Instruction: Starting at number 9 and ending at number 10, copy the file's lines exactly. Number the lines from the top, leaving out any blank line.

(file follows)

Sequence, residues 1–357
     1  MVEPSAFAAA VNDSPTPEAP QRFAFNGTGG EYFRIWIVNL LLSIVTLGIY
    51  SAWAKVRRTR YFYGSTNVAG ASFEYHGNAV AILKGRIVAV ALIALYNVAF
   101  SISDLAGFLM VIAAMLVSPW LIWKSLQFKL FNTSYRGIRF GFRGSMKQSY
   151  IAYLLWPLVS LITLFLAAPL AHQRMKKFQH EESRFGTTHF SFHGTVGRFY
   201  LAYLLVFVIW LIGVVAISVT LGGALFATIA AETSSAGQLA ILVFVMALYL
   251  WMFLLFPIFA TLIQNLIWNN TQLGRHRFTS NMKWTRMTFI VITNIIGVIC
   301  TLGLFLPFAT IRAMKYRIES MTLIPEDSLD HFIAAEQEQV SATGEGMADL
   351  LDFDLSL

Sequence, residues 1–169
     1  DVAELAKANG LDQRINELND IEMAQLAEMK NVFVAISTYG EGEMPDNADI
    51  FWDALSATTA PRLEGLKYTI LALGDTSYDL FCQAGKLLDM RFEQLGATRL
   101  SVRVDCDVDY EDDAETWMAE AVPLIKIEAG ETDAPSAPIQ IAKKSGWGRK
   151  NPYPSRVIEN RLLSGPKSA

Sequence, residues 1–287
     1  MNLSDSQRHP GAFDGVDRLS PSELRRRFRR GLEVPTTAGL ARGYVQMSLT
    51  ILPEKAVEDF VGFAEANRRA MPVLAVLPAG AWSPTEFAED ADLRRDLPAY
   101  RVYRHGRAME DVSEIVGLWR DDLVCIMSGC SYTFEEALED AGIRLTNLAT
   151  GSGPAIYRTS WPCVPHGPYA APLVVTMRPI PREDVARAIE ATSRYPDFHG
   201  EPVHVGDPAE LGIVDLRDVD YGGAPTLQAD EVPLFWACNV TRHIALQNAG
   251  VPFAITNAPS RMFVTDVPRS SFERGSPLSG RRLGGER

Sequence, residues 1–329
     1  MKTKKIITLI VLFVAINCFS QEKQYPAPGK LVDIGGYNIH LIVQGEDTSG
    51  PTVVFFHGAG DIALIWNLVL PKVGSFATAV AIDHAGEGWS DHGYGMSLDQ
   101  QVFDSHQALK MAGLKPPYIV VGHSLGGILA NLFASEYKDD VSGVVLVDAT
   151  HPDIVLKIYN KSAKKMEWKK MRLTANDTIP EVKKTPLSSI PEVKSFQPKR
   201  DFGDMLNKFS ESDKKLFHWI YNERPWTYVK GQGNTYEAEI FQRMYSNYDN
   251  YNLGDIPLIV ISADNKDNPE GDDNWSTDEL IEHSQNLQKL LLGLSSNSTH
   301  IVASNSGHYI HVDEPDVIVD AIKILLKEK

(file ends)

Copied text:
   351  LDFDLSL

Sequence, residues 1–169